II. MATERIALS AND METHODS

The data used in this study were collected from various secondary sources. Time series data for twenty year (1991 – 2011) on export and imports (quantity as well as in value terms) of various livestock products for the world and India were collected from Food and Agricultural Organization (FAO) of the United Nations, FAO trade statistics and FAO commodity Review and outlook. The data on top exporting and importing countries were collected from Agricultural and Processed food products Export Development Authority (APEDA), Ministry of Commerce and Industry, Government of India. The reference period for the analysis is from 2007-08 to 2012-13.

Tabular analysis – to analyse the pattern of export, import and balance of trade of buffalo meat in India.

Markov Chain Analysis – Transitional Probability Matrix

For finding out the changes in the structure of the trade in dairy products of India, Markov chain analysis was used. Markov analysis is an application of dynamic programming to the solution of a stochastic decision process that can be described by a finite number of states (2). A finite markov process is a stochastic process whereby the outcome of a given trial t (t = 1, 2... T) depends only on the outcome of the preceding trial (t-1) and this dependence is the same at all stages in the sequence of trials.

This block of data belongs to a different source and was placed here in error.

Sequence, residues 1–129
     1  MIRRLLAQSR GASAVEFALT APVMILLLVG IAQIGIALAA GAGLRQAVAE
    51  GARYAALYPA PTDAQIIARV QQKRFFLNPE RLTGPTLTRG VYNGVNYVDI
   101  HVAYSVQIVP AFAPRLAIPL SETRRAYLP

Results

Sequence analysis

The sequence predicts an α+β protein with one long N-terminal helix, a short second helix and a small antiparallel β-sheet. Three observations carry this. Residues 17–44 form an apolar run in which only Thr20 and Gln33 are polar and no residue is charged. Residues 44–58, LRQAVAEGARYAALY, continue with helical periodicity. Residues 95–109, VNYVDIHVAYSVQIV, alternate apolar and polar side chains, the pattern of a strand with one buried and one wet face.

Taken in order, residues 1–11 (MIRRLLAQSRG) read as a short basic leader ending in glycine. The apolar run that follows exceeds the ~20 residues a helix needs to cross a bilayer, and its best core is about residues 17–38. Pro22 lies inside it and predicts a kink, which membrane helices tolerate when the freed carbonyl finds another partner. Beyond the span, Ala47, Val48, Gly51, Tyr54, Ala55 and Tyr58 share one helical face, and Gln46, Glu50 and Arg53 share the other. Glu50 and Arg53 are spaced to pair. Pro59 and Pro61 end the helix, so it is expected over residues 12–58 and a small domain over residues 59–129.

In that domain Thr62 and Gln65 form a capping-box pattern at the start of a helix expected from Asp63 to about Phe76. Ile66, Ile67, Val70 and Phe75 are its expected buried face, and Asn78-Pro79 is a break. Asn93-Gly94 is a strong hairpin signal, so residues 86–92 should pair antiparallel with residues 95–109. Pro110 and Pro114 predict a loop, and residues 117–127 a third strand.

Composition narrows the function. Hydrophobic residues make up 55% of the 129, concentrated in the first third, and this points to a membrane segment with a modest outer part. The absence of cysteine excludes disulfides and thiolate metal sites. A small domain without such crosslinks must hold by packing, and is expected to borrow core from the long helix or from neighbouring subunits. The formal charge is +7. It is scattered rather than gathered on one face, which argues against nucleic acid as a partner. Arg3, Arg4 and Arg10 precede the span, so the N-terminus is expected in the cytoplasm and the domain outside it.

Consistent with this definition, the structural change in the trade in dairy products of India was examined by using the Markov chain approach. Central to Markov chain analysis is the

estimation of the transitional probability matrix P. The element Pij, of this matrix indicates the

probability that export will switch from category i to category j with the passage of time. The

diagonal element Pii measures the probability that the export share of ith country will be retained (5 &

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only on its previous exports and this dependence is the same among all periods. A process satisfying these conditions is called a first order stationary Markov chain. With these assumptions, the unknown transitional probabilities were computed using the following matrix notation.

Yj = Xj Pj + Uj

Where,

Yj = is a vector of observation reflecting the proportion of export of jth country in time t.

Xj = matrix of proportion of export of ith country in time t-1

Pj = vector of unknown transition parameters to be estimated and

Uj = a vector of random disturbances

The transitional probabilities Pij have the following properties.

0 ≤ Pij ≤ 1 𝑃𝑖𝑗 = 1

𝑛 𝑗 =1